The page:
Sales Performance Metrics

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    I am a new black belt, and I have been asked to look into the performance of our sales group.  What is a good metric for evaluating the performance of a sales force?  $/salesman? 



    Sales revenue/salesman, customers/salesman, new customers/salesman, product penetration/salesman – in short, what metric does the business want to drive, and how does that metric flow down to the salesman level. You get what you measure.  Figure out what you want to get, and then measure it.



    I’ve learned that sales dollars are one thing, but there are a number of metrics associated with the sales force like the following:
    – margin (gross and net) $, margin %, claims associated with sales person, sales $ (gross and net)
    Plus, how does your sales force differ by region and customer type/size.



    Both Jim and John have given some examples of Outputs in measuring sales performance which probably hold true regardless of the type of product ( consummables, raw materilas, capital equipment or services). However, the Sales process to obtain new customers, repeat orders or one off orders are very different. Flowchart the Proces and asses what the Inputs are to create each step along the process. You may well come up with such items as Sales force competencies, opportunity levels per territory, relevance of promotional campaign,   lead creation, lead conversion, number of sales pitches, trial orders.
    In selling industrial goods ( as opposed to retail) truly understanding the real customer needs and matching the product/service selection to those needs will have the biggest influence on results.



    I have implemented a system into my company answering exactly the same thing.  Although sales is an output measure you need to understand the cause and effect relationaships firstly.
    What you will find is that soft skills makes up a huge percentage of a sale.  To measure soft skills you have to nreak down the role into single attributes.  Measure these and you will see a direct relationship on sales output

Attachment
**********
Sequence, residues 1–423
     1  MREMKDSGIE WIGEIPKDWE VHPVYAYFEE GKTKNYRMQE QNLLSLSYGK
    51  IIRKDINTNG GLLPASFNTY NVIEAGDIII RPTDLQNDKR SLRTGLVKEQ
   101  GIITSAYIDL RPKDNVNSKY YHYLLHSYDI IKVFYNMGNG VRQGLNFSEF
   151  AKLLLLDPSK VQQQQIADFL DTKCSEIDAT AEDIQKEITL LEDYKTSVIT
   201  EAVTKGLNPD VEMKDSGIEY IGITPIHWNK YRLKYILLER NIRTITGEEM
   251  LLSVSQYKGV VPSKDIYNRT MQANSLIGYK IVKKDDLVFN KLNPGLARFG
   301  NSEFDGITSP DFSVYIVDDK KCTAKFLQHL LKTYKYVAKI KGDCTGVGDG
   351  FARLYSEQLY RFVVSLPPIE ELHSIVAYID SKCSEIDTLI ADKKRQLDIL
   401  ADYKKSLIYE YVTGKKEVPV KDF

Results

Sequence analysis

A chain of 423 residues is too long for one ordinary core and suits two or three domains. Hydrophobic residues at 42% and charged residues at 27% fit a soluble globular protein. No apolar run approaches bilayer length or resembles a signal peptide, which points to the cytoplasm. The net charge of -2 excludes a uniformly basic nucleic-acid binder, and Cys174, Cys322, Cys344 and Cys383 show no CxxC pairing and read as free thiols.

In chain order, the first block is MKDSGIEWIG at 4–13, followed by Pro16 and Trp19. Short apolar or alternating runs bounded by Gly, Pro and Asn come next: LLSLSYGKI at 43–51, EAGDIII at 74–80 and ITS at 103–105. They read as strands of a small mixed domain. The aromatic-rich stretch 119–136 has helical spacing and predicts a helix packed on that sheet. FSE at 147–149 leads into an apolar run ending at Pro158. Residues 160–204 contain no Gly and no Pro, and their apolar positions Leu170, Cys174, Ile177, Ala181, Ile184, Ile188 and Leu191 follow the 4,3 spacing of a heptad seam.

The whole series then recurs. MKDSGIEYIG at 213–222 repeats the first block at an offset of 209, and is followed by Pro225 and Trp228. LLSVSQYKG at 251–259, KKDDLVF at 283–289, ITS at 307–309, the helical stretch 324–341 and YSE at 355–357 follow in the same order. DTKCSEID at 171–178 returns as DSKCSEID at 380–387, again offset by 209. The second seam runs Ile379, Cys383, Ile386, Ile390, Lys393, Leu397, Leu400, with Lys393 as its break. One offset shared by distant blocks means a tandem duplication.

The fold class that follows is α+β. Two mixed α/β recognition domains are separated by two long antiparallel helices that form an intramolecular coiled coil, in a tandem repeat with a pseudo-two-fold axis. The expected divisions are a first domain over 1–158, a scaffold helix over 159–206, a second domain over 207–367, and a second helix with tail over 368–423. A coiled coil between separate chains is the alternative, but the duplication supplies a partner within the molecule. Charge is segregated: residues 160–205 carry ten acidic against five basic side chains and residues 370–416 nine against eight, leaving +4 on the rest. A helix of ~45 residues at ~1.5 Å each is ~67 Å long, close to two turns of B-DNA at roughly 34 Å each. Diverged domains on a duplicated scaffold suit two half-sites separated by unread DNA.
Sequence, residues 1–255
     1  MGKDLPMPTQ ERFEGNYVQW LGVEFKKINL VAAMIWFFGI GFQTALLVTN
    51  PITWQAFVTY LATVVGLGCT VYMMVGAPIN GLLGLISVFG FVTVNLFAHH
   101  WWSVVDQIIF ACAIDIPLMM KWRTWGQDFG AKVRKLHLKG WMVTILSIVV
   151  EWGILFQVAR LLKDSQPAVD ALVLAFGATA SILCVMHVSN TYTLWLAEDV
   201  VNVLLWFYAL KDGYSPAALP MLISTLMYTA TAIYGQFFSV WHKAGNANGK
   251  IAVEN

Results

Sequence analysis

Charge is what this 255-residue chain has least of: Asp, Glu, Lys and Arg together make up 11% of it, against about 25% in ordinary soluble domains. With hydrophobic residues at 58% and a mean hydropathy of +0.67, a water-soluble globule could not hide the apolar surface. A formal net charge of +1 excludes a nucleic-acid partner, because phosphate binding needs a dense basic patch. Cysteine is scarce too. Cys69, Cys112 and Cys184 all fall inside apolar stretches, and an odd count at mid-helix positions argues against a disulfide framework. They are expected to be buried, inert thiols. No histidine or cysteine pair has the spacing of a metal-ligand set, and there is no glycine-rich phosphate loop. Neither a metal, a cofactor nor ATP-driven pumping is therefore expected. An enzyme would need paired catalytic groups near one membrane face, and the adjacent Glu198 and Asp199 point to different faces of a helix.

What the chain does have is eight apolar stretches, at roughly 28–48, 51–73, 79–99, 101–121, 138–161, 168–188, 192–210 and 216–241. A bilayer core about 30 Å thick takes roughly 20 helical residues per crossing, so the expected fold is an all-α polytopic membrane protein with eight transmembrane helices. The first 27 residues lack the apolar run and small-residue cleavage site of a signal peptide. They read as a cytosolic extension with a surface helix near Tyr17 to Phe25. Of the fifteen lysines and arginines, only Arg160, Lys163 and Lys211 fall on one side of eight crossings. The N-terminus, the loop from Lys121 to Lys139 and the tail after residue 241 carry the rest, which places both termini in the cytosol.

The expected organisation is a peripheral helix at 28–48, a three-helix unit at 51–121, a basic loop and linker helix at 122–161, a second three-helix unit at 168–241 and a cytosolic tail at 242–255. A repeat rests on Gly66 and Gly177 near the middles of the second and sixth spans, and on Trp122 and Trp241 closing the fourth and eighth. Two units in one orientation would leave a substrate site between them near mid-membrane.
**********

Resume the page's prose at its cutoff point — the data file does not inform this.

my two cents on that
    lets take a broader view. the same was implemented for my organisation and has shown result
    three perspectives of sales happening (we are working through channel and not directly where things as suggested by bharat holds true as inputs
    – channel loyalty index (how many of retailers when visited by mystery consumer) told your product as TOM (top of mind). to a shock this was the biggest Gap between high TOM and ITP scores(of product) and sales not happening
    – channel visibility : for various kinds of retailers visibility was defined and simple audit done on presence absent of mandatory requirements as (glow sign board, atleast one product poster etc). this was good control as marketing department ensured they service all touch points
    – channel awareness : again survey with basic questions on product got the score
    this gives an overall idea who is at fault (sales people) or marketing
    all inputs in terms of sales people soft skills, their relationship builiding, their regular visits etc improved automatically
    these output parameters became KRA of individuals
    sales pre and post clearly showed increase converted into $.
    for further clarifications contact [email protected]



    I supported an organization with 300 sales people mostly in NA, CA and Europe. Product was primarily surface pre-treatment.  We made the measurement simple: number of written proposals (1-2 page, but not just a price quote) that adherred to the proposal standard guidelines.  Proposals could be mailed or emailed.



    We use the individual performance measurements mentioned in earlier posts, and we also track the long-term effectiveness of the sales department using customer behavior as defined by: “Increasing”, “Decreasing”, “Lost, and “New”. We measure long-term buying behavior by rolling comparrison of current trailing twelve months (C-ttm) versus previous trailing twelve months (P-ttm). Customer behavior is measured by number of customers, transaction volume ($ per sale), and sales volume. Interviews with a sample of each group aids in the development of causes and countermeasures for behavior. Short-term measurements involve month over month changes in the above. The key result of these metrics is a window on the overall effectiveness of sales efforts and identification of opportunities for improvement. Paretos of causes for behavior in each group prioritize countermeasures. The behavioral metrics also serve as secondary “guard” metrics for operational projects.



    I see everyone is anxious to give you answers.  To even begin to answer your question there needs to be more questions asked.  What type of sales people make up your organization?  B2B inside sales?  B2B outside sales?  In home sales?  Retail sales?
    Are sales leads given to your sales people?  How does the selling opportunity present itself?
    I work for a sales/marketing organization and may have some solid ideas for you if you can answer the above questions.



    Our salesmen do B2B sales (I am asumming it means business-to-business).  Basically, we are a chemical manufacturer, and our products are sold as a raw material to industrial coatings manufacturers. 
    I am not sure exactly how leads are obtained.

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